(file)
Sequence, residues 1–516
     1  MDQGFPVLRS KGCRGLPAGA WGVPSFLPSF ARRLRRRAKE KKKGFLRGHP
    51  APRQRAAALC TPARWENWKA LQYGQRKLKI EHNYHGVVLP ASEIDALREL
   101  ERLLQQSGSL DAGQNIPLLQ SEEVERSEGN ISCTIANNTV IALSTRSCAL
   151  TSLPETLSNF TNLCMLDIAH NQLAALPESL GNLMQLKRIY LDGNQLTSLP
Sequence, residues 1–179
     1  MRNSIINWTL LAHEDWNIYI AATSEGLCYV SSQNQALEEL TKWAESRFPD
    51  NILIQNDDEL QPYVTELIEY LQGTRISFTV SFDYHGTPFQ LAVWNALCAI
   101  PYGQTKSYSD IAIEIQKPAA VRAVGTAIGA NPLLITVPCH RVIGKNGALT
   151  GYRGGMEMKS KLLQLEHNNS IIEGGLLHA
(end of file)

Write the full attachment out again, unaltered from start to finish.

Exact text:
Sequence, residues 1–516
     1  MDQGFPVLRS KGCRGLPAGA WGVPSFLPSF ARRLRRRAKE KKKGFLRGHP
    51  APRQRAAALC TPARWENWKA LQYGQRKLKI EHNYHGVVLP ASEIDALREL
   101  ERLLQQSGSL DAGQNIPLLQ SEEVERSEGN ISCTIANNTV IALSTRSCAL
   151  TSLPETLSNF TNLCMLDIAH NQLAALPESL GNLMQLKRIY LDGNQLTSLP
Sequence, residues 1–179
     1  MRNSIINWTL LAHEDWNIYI AATSEGLCYV SSQNQALEEL TKWAESRFPD
    51  NILIQNDDEL QPYVTELIEY LQGTRISFTV SFDYHGTPFQ LAVWNALCAI
   101  PYGQTKSYSD IAIEIQKPAA VRAVGTAIGA NPLLITVPCH RVIGKNGALT
   151  GYRGGMEMKS KLLQLEHNNS IIEGGLLHA